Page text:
Welcome to European Tribune. It's gone a bit quiet around here these days, but it's still going.
The European Commission hasn't so much dismissed the content of the UK paper as refused to engage with it until the initial three topics for negotiations have been progressed, seeing the paper as attempting leapfrog the first phase into the substance of the trade negotiations the UK so dearly wants to address as a matter of priority.

European Commission pours cold water on UK's Brexit paper on North

The European Commission has poured cold water on the UK's Brexit negotiating paper on Northern Ireland by reminding it that, in the words of the EU's chief Brexit negotiator, Michel Barnier, "frictionless trade is not possible outside the single market and customs union".

The idea of leaving both the single market and customs union but of maintaining an "infrastructure-free" Border at Newry was a central thrust of the UK paper published on Wednesday, but it remains in the eyes of both Irish and EU officials an unrealistic expectation.

In its brief response to the British paper, a spokesman for the commission said that such trade issues would only be a matter for the second phase of negotiations once "sufficient progress" had been made on the withdrawal issues in the ongoing phase-one discussions.

However the Commission will also be wary of being seen as offering the Irish a less advantageous position than the UK.  In due course, I would expect it to respond with an offer of retaining Northern Ireland within the customs Union and the Single Market, an offer which would be unacceptable to the DUP as it would entail moving the EU/UK border into the Irish Sea.

The UK cannot be seen as accepting such an offer without losing the support of the DUP although I suspect London couldn't care less... Thus I expect the resolution of the matter to be one of the very last things to be agreed if the negotiations do reach ab agreement.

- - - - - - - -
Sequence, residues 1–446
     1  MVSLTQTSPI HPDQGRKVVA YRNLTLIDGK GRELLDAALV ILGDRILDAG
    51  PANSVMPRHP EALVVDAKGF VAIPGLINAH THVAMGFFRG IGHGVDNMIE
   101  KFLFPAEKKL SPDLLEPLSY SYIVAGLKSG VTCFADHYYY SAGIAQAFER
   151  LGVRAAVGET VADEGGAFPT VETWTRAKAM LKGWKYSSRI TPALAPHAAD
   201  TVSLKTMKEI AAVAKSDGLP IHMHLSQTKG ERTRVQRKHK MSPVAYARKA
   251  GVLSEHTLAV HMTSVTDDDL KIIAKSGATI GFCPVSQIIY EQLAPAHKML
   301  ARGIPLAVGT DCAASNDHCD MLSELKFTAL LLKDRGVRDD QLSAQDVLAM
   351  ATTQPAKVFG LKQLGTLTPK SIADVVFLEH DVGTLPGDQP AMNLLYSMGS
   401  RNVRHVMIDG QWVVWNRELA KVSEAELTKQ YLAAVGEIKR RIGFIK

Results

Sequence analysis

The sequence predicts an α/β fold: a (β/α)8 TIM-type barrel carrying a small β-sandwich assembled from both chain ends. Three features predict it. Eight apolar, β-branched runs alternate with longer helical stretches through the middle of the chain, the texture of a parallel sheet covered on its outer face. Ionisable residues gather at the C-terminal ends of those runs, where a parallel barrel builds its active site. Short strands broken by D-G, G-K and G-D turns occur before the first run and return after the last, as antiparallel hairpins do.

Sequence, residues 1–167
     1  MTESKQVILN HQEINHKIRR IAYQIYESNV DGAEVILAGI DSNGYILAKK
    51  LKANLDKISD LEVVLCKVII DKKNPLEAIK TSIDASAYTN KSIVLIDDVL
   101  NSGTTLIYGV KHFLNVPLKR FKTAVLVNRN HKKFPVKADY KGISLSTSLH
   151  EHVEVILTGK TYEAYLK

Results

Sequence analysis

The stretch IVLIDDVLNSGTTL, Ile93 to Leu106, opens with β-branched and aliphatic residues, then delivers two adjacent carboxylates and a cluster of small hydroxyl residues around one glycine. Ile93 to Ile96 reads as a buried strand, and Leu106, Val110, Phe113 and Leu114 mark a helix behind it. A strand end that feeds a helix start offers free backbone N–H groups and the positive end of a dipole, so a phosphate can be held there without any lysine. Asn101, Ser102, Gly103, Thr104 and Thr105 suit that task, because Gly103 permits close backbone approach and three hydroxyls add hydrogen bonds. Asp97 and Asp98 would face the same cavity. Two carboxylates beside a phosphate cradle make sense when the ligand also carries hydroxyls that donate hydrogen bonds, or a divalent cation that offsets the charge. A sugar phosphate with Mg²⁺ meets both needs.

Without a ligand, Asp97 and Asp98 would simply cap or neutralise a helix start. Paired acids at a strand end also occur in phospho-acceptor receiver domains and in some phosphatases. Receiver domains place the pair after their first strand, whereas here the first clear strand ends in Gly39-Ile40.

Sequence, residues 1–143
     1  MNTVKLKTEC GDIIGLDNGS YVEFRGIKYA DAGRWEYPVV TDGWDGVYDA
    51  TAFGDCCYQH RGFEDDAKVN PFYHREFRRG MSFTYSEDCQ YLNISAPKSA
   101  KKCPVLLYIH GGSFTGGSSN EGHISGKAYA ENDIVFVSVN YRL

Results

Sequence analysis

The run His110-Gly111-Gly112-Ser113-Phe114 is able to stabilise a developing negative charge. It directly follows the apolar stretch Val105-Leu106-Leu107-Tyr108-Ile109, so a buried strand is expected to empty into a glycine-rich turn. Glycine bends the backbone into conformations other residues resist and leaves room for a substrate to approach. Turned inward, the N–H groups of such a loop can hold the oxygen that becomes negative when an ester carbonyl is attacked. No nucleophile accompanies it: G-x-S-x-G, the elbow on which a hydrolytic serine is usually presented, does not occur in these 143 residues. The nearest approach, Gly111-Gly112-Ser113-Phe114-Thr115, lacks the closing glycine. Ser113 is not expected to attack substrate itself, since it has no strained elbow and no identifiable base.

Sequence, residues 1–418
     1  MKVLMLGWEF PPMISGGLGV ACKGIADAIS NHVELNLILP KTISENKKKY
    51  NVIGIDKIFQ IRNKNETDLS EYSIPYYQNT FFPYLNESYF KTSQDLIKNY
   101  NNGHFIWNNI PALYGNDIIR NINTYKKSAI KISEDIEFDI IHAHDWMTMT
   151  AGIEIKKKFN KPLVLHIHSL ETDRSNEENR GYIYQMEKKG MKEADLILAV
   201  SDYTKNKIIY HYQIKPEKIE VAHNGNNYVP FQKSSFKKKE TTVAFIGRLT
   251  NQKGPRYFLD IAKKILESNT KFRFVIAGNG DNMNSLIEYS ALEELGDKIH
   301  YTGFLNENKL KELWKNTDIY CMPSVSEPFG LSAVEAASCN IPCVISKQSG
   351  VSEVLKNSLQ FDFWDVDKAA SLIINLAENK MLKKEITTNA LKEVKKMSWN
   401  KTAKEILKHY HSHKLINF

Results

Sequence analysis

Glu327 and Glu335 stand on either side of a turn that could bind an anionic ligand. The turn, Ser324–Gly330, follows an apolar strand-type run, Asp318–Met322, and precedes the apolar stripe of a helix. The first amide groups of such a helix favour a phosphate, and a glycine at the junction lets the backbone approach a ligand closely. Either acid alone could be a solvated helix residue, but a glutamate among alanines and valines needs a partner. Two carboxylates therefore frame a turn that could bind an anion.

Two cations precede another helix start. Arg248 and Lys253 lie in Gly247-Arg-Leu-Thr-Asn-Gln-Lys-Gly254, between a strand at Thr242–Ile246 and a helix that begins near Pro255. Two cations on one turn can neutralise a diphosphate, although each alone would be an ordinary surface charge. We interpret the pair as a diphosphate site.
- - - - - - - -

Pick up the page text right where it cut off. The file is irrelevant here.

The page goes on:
By then, I would expect the Tory government to be resigned to losing the support of a majority in Parliament anyway - some hard line Brexiteers and the DUP will jump ship when they see the content of the proposed deal. Labour will also reject a "Tory deal" which is obviously less advantageous than the status quo.

May will then go to the country, just before the March 2019 deadline, "to give the nation the choice" of a no deal or European Commission deal Brexit. It is almost impossible to predict which she will campaign for - the deal negotiated by her Brexiteer Ministers or a no deal Brexit, but I suspect the latter on the grounds that the obduracy of the Brussels bureaucrats and the will of Parliament has given her no choice.

Labour will campaign on achieving an extension of the A50 period and re-opening negotiations with a different set of priorities and demands. The Tories will scoff at the "unrealism" of the Labour demands which will be greeted with a weary shrug an a distinct lack of enthusiasm by the EU Council.

Index of Frank's Diaries

by Frank Schnittger (mail Frankschnittger at hot male dotty communists) on Fri Aug 18th, 2017 at 08:48:33 AM EST
If May loses the DUP's support, I guess it will be a general election. With Labour running on re-negotiation, Lib-dems on retracting A50, question is if anyone will be running on the negotiated result or if it's just a deliberate waste of time.
by fjallstrom on Fri Aug 18th, 2017 at 11:36:47 AM EST
[ Parent ]
I am leaning more and more to the view that the UK is only going through the motions of negotiating a deal with Brussels with an expectation that whatever they negotiate will leave a majority of Parliament unhappy with the outcome - the DUP and Hard core Brexiteers because of the compromises it contains, and most of the rest because the outcome is clearly less advantageous than the status quo.

The Tories would far rather negotiate with their "equals" - Merkel and Macron - in any case, rather than with some hated Bureaucrats in Brussels.  So their playbook will read: reject bad deal offered by Brussels, go to the country offering no deal but with a promise to negotiate a better one with Merkel afterwards, all the while ridiculing Labour for believing Brussels will ever offer a better deal.

In the meantime Brussels will fold its arms and patiently await the outcome of the election. If the Tories win, it's a no deal Brexit in March 2019, and very little prospect of any substantial deal afterwards - other than possibly an extension of "Open Skies" and Interpol cooperation.

If Labour win (more likely), the Commission will politely await their proposals for a different kind of deal, and perhaps be surprised that the Labour proposals include many ideas they are happy to explore further. But whether the European Council would be prepared to unanimously offer an extension of the A50 period is anyone's guess.  Mine would be a very limited extension, perhaps 3-6 months, after which time a new Brexit deal will be agreed - one which both the Commission and mainstream opinion in the UK are much happier with.